My solution: Remove an Item from an Array

My solution: Remove an Item from an Array
0

#1

What is wrong with my code. It looks to work as asked. But it does not pass the tests.


const immutableReducer = (state = [0,1,2,3,4,5], action) => {
  switch(action.type) {
    case 'REMOVE_ITEM':
      // don't mutate state here or the tests will fail
      if (action.index) {
      const newState = [...state];
      newState.splice(action.index, 1);
      return newState;
      } else {
        return state;
      }
    default:
      return state;
  }
};

const removeItem = (index) => {
  return {
    type: 'REMOVE_ITEM',
    index
  }
}

const store = Redux.createStore(immutableReducer);
console.log(store.getState());
store.dispatch(removeItem(1));
console.log(store.getState());
store.dispatch(removeItem(4));
console.log(store.getState());
store.dispatch(removeItem());
console.log(store.getState());

Your browser information:

User Agent is: Mozilla/5.0 (Macintosh; Intel Mac OS X 10_13_6) AppleWebKit/537.36 (KHTML, like Gecko) Chrome/68.0.3440.25 Safari/537.36.

Link to the challenge:
https://learn.freecodecamp.org/front-end-libraries/redux/remove-an-item-from-an-array


#2

You code fails when store.dispatch(removeItem(0)) is called and then write store.getState(), it should be [1, 2, 3, 4, 5], but your solution returns [0, 1, 2, 3, 4, 5].

What are you trying to accomplish with the following line?

if (action.index) {

If action.index is 0, the above line will evaluate to false, so you end up just returning the initial value of state without removing the first element.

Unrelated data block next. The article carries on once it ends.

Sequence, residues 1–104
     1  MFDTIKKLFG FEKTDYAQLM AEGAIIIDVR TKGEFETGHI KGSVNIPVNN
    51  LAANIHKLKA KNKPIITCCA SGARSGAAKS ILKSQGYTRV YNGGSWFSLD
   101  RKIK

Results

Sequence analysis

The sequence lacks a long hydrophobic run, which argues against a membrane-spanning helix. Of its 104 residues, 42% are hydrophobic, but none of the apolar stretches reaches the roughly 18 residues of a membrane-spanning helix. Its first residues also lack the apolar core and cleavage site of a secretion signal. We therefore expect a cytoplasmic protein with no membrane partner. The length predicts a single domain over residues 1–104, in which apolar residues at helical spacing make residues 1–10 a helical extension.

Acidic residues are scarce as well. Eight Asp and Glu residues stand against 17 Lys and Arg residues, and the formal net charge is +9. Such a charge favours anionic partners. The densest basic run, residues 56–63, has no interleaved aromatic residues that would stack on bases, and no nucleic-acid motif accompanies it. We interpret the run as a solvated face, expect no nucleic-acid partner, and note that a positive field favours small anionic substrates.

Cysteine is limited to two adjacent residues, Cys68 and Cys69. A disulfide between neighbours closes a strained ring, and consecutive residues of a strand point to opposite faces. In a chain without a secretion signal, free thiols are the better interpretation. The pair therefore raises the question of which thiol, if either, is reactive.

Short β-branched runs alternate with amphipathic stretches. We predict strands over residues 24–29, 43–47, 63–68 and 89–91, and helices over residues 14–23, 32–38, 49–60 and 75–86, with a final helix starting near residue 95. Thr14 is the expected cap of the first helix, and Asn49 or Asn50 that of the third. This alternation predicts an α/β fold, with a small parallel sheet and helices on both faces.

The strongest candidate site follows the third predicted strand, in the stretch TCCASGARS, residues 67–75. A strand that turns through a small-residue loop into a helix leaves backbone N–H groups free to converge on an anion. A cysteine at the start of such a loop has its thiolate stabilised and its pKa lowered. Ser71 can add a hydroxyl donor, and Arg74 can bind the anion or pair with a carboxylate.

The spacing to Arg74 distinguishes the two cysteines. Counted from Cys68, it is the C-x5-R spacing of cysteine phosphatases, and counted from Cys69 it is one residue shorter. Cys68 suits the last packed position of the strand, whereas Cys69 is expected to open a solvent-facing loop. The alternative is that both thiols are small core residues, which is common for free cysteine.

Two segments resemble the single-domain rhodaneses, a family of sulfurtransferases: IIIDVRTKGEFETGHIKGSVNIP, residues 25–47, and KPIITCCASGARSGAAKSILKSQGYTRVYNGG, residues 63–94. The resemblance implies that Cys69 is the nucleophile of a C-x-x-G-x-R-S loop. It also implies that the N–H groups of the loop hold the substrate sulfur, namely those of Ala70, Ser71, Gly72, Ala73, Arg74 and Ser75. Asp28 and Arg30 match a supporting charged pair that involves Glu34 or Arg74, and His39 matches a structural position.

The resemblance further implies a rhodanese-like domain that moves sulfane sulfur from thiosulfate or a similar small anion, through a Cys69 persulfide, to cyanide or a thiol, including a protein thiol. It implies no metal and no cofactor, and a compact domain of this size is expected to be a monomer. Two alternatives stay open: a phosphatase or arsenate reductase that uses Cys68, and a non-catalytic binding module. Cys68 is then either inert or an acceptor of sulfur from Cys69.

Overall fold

#3

Hi @RandellDawson,

Thanks for your advice.

I used the if conditinal to see if I could except the case in that removeItem() is called without argument… But I understand now that this is not possible since I declared removeItem to ask at lease for the argument index.

Your explanation regarding index 0 explains all my confusion.
:+1:


#4

// A generic easy to follow solution :wink:

const immutableReducer = (state = [0,1,2,3,4,5], action) => {
switch(action.type) {
case ‘REMOVE_ITEM’:
// don’t mutate state here or the tests will fail
return […state].slice(0,action.index).concat([…state].slice(action.index+1,state.length))
//A copy of state array is sliced from index position 0 to one position short of required item, and this array is concatenated with another sliced array starting from one position ahead of item to end of state array
default:
return state;
}
};

const removeItem = (index) => {
return {
type: ‘REMOVE_ITEM’,
index
}
}

const store = Redux.createStore(immutableReducer);


#5

Why is this considered mutating state? The original state value remains unchanged.

const immutableReducer = (state = [0,1,2,3,4,5], action) => {
  switch(action.type) {
    case 'REMOVE_ITEM':
      let a = [...state]
      a.splice(action.index, 1)
      console.log("return value", a)
      console.log("state", state)
      return a
    default:
      return state;
  }
};

const removeItem = (index) => {
  return {
    type: 'REMOVE_ITEM',
    index
  }
}

const store = Redux.createStore(immutableReducer);
store.dispatch(removeItem(2))

//output
return value,0,1,3,4,5
state,0,1,2,3,4,5

Thanks!


#6

In this specific case, the state is not mutated. However, be careful using splice in such cases because e.g. what if the state array was an array of objects… Then the spread operator won’t be successful in making a deep copy of all the objects. Subsequently, using splice will mutate the original state array. The point is, if you can do what you want with slice or any other inherently non-mutating method, use that instead of methods like splice.


#7

Yes, that is a good point. I’m new to functional programming principles and while I like the idea of it, my initial implementations of feel like I’m making the code harder to read!


#8

Yeah, there is a bit of that sometimes… If something goes wrong, it is easier to debug later, but you still pay a price for it(i.e. creating new variables to copy objects).